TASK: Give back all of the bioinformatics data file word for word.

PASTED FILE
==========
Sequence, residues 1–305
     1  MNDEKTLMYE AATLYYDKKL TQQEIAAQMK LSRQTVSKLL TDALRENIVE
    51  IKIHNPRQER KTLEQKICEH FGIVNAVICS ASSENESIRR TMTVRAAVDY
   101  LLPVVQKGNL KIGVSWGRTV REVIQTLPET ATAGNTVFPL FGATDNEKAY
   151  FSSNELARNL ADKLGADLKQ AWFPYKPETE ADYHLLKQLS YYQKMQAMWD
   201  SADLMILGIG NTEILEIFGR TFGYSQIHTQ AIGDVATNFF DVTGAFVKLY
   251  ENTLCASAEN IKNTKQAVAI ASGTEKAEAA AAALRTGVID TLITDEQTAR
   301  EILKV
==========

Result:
Sequence, residues 1–305
     1  MNDEKTLMYE AATLYYDKKL TQQEIAAQMK LSRQTVSKLL TDALRENIVE
    51  IKIHNPRQER KTLEQKICEH FGIVNAVICS ASSENESIRR TMTVRAAVDY
   101  LLPVVQKGNL KIGVSWGRTV REVIQTLPET ATAGNTVFPL FGATDNEKAY
   151  FSSNELARNL ADKLGADLKQ AWFPYKPETE ADYHLLKQLS YYQKMQAMWD
   201  SADLMILGIG NTEILEIFGR TFGYSQIHTQ AIGDVATNFF DVTGAFVKLY
   251  ENTLCASAEN IKNTKQAVAI ASGTEKAEAA AAALRTGVID TLITDEQTAR
   301  EILKV